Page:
1 – 1.5 tonner[edit]

Y20 – 40 Series (1979–1985)

The new smaller Toyoace with Y20 chassis was launched in 1979, while the Dyna was still using the U-platform. This was the fourth-generation Toyoace in Japan. In certain export markets, the Toyoace was sold as Dyna, and offered as single and double cabin trucks.

Dyna Rino Y30 & Y40 Series (1984–2002)[edit]

In 1984, Toyota introduced the Dyna Rino in Indonesia. The light single rear wheel version was built on Y30 platform, and the twin rear wheel version was coded Y40. Early models have round headlights and 3.4-liter 3B and 13B engines. The facelift models with rectangular headlights, BU are powered by 3.7-liter 14B engines. The Indonesian market Dyna Rino remained in production until 2002.

U60 / Y50 Series[edit]

5th-generation BU

also available as a 4-door cab with ute tray in Australia

2 – 3.5 tonner[edit]

U60 – 90 Series (1984–1994) The first bu series (Dyna 200/300/400, 1984–88) used quad round headlights. 1989 onwards models had quad rectangular headlights and one piece door glass with new interior door trim & other minor interior changes. All wide cab models had a centrally mounted roof vent and had 3 windscreen wipers. 3.4-litre 3B, 3.4-litre (direct injected) 13B and 3.7-litre 14B diesel engines with direct injection were used in the Dyna 200 and Dyna 300, a 5-speed gearbox was standard. The Dyna 300 was equipped with an exhaust brake. Front, ventilated twin piston disc brakes were optional on the first series wide cab Dyna 300.

1 – 1.5 tonner[edit]

Y50 & 60 Series (1985–1995)

U100 / Y100 Series (1995–2002)[edit]

6th-generation BU
Lowrider Cab

2 – 3.5 tonner[edit]

FB4 / 5 Series
KC-FB4J、5B
U100 – 200 Series
BU1##、BU2##

1 – 1.5 tonner[edit]

Y100 Series
YY1##
LY1## etc.

U300 – U400 Series (2000–present) and Hino Dutro[edit]

Toyota Dyna 125LT WU340 flat bed
7th generation route van
Toyota Dyna 2006

2 – 3 tonner[edit]

U300 – U500 Series

1 – 1.5 tonner[edit]

Y200 Series

New for this generation is the Hino Dutro, as Toyota owns shares in Hino. In addition to the diesel engine, the Hybrid is also sold in Japan.

The Dyna and its twin Toyoace and Dutro were built on the U300 platform for Standard Cab, or U400 platform for the Wide Cab.

Even though they were built on the U300 and U400 platforms, for marketing purpose they still used Dyna 100, 150, 200, 250, 300, and 350 which indicate the payload. The Dyna 100 is currently available with a 2.5-litre D-4D common rail turbo diesel engine offering 88bhp. The Dyna 150 is a chassis/cab version of the Dyna truck, with twin rear wheels, and an uprated 102 bhp (76 kW; 103 PS) engine, shared with the Hilux and Hiace.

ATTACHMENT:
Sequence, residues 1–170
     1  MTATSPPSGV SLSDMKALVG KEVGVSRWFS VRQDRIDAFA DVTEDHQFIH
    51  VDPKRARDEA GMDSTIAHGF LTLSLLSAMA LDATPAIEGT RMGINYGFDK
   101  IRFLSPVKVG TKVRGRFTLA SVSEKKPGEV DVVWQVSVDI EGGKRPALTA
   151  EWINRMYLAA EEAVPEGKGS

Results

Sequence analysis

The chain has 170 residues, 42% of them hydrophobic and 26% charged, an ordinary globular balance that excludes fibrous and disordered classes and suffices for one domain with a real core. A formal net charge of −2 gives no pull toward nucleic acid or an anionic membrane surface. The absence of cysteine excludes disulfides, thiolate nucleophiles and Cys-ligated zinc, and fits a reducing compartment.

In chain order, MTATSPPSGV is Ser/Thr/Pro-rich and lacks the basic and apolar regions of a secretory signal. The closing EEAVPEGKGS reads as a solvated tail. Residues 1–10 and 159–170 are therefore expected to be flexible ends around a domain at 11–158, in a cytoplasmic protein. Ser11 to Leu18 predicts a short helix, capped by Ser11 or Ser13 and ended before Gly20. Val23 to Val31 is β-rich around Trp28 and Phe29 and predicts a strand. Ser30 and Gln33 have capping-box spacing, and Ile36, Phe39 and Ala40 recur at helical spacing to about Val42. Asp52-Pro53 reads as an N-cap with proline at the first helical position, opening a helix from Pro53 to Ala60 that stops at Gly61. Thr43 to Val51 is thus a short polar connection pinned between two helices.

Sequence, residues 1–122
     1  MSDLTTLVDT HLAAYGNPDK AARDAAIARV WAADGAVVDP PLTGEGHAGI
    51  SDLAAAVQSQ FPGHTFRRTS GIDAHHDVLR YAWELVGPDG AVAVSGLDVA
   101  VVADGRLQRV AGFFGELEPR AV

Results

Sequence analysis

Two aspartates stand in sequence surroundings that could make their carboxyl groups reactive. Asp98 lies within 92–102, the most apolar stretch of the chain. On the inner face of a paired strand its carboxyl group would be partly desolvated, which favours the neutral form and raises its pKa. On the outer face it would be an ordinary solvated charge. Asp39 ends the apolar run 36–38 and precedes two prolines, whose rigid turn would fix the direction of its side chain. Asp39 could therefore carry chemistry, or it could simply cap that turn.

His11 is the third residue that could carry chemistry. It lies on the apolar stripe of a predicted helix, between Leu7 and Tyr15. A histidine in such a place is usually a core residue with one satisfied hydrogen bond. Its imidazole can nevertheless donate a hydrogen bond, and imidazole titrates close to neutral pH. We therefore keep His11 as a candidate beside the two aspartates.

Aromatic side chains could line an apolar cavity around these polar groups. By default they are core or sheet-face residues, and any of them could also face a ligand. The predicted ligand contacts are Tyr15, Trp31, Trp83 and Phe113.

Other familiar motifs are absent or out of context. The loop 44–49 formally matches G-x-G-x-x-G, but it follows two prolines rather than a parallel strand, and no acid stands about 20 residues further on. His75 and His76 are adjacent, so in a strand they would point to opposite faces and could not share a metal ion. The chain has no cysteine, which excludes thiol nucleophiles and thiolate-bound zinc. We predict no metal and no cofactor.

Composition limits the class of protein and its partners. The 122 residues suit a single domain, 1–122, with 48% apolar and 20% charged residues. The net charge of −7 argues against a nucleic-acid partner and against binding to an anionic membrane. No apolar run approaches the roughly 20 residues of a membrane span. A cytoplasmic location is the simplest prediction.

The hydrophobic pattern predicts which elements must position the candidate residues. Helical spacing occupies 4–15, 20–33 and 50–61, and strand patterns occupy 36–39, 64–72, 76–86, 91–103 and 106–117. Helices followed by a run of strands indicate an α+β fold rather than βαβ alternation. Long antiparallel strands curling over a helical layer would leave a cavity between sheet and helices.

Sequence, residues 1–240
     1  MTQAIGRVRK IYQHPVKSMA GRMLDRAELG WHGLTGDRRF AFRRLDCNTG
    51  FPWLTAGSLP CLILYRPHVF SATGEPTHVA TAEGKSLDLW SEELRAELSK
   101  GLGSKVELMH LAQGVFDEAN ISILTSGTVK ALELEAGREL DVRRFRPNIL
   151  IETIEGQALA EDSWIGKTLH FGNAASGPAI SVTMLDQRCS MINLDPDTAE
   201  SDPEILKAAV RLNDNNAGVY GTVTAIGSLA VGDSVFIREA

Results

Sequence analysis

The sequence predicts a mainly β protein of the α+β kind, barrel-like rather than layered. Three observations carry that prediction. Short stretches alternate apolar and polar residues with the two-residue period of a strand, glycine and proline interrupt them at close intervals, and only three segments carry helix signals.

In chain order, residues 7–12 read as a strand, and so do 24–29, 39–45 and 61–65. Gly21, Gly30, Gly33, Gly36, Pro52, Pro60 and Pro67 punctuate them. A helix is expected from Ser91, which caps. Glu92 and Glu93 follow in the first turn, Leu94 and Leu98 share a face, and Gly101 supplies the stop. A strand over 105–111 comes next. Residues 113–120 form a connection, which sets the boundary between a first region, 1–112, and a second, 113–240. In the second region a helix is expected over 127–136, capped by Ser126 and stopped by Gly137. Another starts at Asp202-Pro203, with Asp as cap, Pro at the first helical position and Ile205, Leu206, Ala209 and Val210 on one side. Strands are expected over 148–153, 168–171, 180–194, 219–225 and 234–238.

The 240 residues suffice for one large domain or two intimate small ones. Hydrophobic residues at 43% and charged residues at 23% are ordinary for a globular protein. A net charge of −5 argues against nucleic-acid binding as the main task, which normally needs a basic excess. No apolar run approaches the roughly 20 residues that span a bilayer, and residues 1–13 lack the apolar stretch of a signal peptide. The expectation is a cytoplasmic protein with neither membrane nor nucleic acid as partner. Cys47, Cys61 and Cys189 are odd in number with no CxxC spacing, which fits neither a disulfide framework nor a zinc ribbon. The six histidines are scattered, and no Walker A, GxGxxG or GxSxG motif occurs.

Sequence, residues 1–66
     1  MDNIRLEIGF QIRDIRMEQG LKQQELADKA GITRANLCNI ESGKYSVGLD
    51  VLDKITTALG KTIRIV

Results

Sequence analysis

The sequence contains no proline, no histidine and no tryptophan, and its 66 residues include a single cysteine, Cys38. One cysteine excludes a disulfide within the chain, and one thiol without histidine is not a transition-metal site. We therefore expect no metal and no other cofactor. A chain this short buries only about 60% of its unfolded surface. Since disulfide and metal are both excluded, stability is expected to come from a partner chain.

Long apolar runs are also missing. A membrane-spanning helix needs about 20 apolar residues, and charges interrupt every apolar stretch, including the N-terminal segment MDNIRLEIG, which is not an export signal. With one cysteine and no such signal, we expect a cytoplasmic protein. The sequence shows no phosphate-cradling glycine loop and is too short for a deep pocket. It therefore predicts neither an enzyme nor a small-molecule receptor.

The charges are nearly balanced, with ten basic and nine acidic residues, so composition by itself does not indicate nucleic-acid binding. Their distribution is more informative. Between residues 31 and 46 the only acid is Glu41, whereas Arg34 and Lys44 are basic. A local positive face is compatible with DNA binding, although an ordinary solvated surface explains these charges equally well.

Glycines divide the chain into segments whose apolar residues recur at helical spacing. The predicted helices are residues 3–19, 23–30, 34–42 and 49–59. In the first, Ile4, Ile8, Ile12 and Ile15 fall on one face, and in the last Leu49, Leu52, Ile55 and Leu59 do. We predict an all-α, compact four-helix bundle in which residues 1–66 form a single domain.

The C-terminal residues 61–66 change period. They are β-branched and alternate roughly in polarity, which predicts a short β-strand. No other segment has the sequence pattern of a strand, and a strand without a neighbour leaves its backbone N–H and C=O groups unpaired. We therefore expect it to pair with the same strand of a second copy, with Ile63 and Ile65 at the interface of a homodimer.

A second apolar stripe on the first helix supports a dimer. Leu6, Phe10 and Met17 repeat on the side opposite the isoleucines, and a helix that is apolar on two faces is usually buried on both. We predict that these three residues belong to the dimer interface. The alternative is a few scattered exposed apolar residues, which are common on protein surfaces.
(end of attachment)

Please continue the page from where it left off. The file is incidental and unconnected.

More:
These vehicles have emission levels which meet the stringent Euro IV requirements which took effect in Europe in 2005, in Singapore in October 2006 and was applied in Japan in February 2007.

U600 and U800 series[edit]

Toyota Dyna (8th-wide) in 2014

In 2011, The Dyna was released as the U600 and U800 series based on the second-generation Hino Dutro.

See also[edit]

References[edit]

  1. ^ "國瑞汽車股份有限公司 KUOZUI MOTORS, LTD". Kuozui.com.tw. Retrieved 2010-12-19. 
  2. ^ "Grupo Salvador Caetano". Retrieved 2011-02-04. 
  3. ^ Toyota: A history of the First 50 Years. Toyota Motor Corporation. 1988. pp. 136–137. ISBN 0-517-61777-3. 
  4. ^ "Massy Dyna: Name origin". 75 years of Toyota: Vehicle Lineage. Toyota Motor Co. Retrieved 2013-01-16. 
  5. ^ "Affiliates (Toyota wholly owned subsidiaries)-Toyota Motor East Japan, Inc.". Toyota Motor Corporation. 2012. Retrieved 2014-07-21. 
  6. ^ 品質と価格で奉仕するトヨタ [Quality and value at your service, from Toyota] (brochure) (in Japanese), Japan: Toyota, 1966, p. 7 
  7. ^ a b Toyota Commercial Cars (Catalog), Toyota, 1969, p. 9 
  8. ^ 愛される車づくり。トヨタはあすにいどみます。 [Lovable car manufacture. Toyota dares to defy tomorrow.] (catalog) (in Japanese), Toyota Motor Co., 1972, p. 6 
  9. ^ "'69 商業車: ニューモデル" ['69 commercial vehicles: New models]. 月刊自動車 [The Motor Monthly] (in Japanese) 11 (8): 122. August 1969. 3439. 
  10. ^ Toyota Dyna 2-tonner (brochure), Australia: Toyota Motor Co., Ltd., 1965, p. 3 
  11. ^ 自動車ガイドブック [Automobile Guide Book] (in Japanese) (Japan: Japan Automobile Manufacturers Association) 23: 212. 1976-10-20. 0053-760023-3400.  Check date values in: |year= (help)
  12. ^ Automobile Guide Book 1976/1977, p. 268
  13. ^ Toyota Catalog (1972), p. 8

External links[edit]